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Men Tend to Overeat During Social Gatherings to Show Off

Dec 08, 2016 04:20 AM EST
Men were more likely to eat more in social gatherings to show off and boost their ego.
(Photo : Isaac Brekken/Getty Images for New York-New York)

A new study from Cornell Food and Brand Lab revealed that men were more likely to eat more in social gatherings to show off and boost their ego.

The study, published in the journal Frontiers of Nutrition, showed that men are at risk of overeating when in the company of friends as a way to demonstrate virility and strength. Additionally, the risk of overeating during social situations was still high despite not having any kind of incentive for doing so.

 "Even if men aren't thinking about it, eating more than a friend tends to be understood as a demonstration of virility and strength," explained Kevin Kniffin, PhD, co author of the study, in a press release.

For the study, the researchers conducted a competitive chicken wing eating challenge. The participants of the challenge were all college-aged students that have similar weights. The challenge was either conducted in the presence or absence of spectators. The champion of the competition will receive a worthless plastic medal.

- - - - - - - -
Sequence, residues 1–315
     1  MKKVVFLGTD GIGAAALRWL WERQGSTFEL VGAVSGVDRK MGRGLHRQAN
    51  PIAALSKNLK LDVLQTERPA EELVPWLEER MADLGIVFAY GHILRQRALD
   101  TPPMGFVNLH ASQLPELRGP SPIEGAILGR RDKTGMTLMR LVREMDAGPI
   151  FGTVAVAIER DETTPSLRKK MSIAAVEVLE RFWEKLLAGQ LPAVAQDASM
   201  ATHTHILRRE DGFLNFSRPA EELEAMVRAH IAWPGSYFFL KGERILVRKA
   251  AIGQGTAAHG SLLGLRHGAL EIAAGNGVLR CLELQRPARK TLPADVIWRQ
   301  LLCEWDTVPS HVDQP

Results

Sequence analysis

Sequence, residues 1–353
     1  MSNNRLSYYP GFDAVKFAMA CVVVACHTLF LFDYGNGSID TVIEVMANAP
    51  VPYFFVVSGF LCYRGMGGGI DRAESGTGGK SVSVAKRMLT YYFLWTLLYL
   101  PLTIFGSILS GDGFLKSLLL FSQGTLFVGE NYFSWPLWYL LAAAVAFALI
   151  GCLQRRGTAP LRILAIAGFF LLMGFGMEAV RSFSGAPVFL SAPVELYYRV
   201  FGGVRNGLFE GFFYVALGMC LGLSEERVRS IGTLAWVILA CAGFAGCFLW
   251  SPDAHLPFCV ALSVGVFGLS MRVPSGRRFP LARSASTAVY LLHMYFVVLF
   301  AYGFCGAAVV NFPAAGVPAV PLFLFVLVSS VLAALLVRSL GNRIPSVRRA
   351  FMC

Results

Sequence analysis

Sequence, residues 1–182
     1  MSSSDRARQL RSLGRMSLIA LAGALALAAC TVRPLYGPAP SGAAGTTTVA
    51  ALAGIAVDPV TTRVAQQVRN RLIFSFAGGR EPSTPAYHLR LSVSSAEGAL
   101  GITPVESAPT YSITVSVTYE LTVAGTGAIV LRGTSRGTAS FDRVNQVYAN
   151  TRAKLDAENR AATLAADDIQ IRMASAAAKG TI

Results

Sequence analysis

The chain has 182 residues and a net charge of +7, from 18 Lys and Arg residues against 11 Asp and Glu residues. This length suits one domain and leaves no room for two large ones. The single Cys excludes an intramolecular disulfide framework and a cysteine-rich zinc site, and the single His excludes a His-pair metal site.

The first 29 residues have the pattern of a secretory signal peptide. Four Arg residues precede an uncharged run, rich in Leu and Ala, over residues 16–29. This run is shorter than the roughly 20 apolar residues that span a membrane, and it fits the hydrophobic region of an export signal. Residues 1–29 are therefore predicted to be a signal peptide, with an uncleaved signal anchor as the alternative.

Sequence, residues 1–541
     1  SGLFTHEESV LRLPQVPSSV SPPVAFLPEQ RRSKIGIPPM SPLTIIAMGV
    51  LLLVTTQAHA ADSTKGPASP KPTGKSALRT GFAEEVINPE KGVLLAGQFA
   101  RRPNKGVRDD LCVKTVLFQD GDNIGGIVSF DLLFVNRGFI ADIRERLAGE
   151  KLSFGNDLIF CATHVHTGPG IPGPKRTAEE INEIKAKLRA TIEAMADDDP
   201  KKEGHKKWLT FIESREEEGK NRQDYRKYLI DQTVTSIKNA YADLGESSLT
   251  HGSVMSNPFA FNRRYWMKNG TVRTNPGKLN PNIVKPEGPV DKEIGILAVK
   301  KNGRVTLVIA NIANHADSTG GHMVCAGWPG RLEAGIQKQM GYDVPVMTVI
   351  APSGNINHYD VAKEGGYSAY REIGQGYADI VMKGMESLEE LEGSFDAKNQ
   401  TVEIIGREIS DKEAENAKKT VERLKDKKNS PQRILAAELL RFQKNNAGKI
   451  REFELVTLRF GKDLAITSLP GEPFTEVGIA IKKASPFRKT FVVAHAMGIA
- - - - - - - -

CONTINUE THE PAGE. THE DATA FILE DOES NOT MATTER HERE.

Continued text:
The researchers observed that men ate four times than usual during the challenge despite the cheap price. Additionally, the gluttony of men increased further in the presence of a cheering crowd, stuffing chicken wings into their mouth 30 percent more of what they usually eat. On the other hand, women tend to eat less in the presence of spectators.

Men find the experience of competitively eating chicken wings in front of spectators to be challenging, cool and exhilarating, while women see the experience to be slightly embarrassing. These show that men competitiveness may dramatically increase in the presence of other challengers and crowds, even with at a low-stakes environment.

With the holiday season just around the corner, more social gathering with sumptuous and delicious meals will be available. The researchers advise over-competitive males to concentrate on their foods and not on their friends. If the urge to show off is just too strong, the researchers recommend a friendly battle of arm wrestling.

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